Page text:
Almost seven years ago, I sat in an interview for my very first “big girl” job and answered the question: “What do you see yourself doing in ten years?”
“I can’t see myself doing anything but teaching. It’s in my blood.”
Six months later, I donned my teacher’s gown and stole for the first time and joined the ranks of the educators around me as we celebrated the graduating class of 2007. And for six and a half years, I’ve struggled and triumphed (and sometimes suffered defeat), loved and lost, cheered and cried, prayed and pleaded, explored and envisioned. For six and a half years, teaching has been my life.
This week, the very first class I ever taught walked across the stage at Dillon High School. I remember these beauties when they were scared little seventh-graders (Okay, to be fair, not all of them were scared. Some of them were scarY.). I remember studying until my brain nearly exploded as I tried to teach them as best as an English major could about WWI, WWII, and the Cold War. I remember figuring out that the best way to explain the concept of totalitarianism was to march around the room, shouting the lyrics to Snap’s “I Got the Power”. I remember being terrified one day when a girl who was three times my size became angry about not being able to talk during a test, so she got in my face and started yelling at me. I thought I might lose an eyeball or an arm. I remember two years later, when she walked down the halls of the high school where I later worked, and our relationship had been repaired.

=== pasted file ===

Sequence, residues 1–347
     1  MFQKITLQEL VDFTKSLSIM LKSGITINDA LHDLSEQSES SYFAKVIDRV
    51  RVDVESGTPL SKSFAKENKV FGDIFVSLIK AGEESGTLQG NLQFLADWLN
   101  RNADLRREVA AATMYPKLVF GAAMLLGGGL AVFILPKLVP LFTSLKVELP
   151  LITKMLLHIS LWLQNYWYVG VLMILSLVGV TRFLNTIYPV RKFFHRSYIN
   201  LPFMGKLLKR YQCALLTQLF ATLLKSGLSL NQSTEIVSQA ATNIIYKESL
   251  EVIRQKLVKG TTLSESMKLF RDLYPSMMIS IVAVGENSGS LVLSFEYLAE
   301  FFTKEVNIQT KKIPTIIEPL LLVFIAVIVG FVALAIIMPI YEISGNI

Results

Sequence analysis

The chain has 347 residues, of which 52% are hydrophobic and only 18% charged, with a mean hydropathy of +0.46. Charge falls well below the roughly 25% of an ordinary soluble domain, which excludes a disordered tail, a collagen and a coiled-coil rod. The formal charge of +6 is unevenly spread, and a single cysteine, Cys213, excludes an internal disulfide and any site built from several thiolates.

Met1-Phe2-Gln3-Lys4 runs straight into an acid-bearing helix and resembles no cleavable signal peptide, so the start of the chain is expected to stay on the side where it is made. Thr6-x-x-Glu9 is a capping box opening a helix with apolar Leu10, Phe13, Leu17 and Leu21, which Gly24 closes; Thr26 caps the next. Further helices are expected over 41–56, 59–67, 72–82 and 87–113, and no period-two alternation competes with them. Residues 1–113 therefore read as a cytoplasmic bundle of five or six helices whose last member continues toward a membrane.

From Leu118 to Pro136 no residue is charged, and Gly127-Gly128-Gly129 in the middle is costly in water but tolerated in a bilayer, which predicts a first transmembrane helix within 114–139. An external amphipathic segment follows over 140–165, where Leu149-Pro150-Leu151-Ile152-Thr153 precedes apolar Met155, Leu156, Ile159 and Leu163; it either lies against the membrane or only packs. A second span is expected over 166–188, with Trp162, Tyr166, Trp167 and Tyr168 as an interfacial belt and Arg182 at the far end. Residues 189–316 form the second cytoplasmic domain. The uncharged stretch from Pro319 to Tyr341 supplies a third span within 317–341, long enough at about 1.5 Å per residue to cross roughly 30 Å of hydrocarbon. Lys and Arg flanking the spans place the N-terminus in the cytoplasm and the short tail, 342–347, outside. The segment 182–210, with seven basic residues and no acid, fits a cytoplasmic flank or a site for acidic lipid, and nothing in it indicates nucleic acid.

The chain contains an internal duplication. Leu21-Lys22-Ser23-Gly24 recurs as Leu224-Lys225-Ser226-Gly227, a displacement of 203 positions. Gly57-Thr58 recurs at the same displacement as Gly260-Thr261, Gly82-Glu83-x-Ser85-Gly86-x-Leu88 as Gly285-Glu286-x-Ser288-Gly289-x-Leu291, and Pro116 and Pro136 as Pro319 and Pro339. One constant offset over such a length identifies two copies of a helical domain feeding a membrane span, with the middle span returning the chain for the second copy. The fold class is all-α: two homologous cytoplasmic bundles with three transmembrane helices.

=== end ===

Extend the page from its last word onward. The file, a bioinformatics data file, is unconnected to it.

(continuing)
I remember the first poem Denisha wrote. I remember the first time she performed in our Spoken Word Poetry competition. The fire in her eyes and heart was contagious. She still makes me want to be a better writer.
And now, two years after I began teaching at SCA, I arrive home, kick off my high heels, put my pearls away, and hang up my gown and stole for the sixth time after celebrating the graduating class of 2012. I cried all the way home after this graduation because, while I haven’t taught these kids (aside from drama club), I’ve grown to know and love many of them. I’ve taught their siblings, and I’ve seen them struggle through divorce, deaths of loved ones, sicknesses, injuries, academic frustrations, and spiritual trials. I’ve seen them step up and lead when no one else would. I’ve watched them grow as artists and speakers and musicians and filmmakers. And tonight, as one of them turned around to me to ask me if his hat was turned the right way, I remembered again why I do this.
I can’t see myself doing anything but teaching. It’s in my blood, and it’s in my bones. And even though I feel right now as if I could sleep for three days straight after the end of this school year, I can almost see myself getting up tomorrow to start all over again. That’s what life is like when you have found your calling. My only prayer is that I may be found worthy.
“I urge you to live a life worthy of the calling you have received. Be completely humble and gentle; be patient, bearing with one another in love.” –Ephesians 4:1-2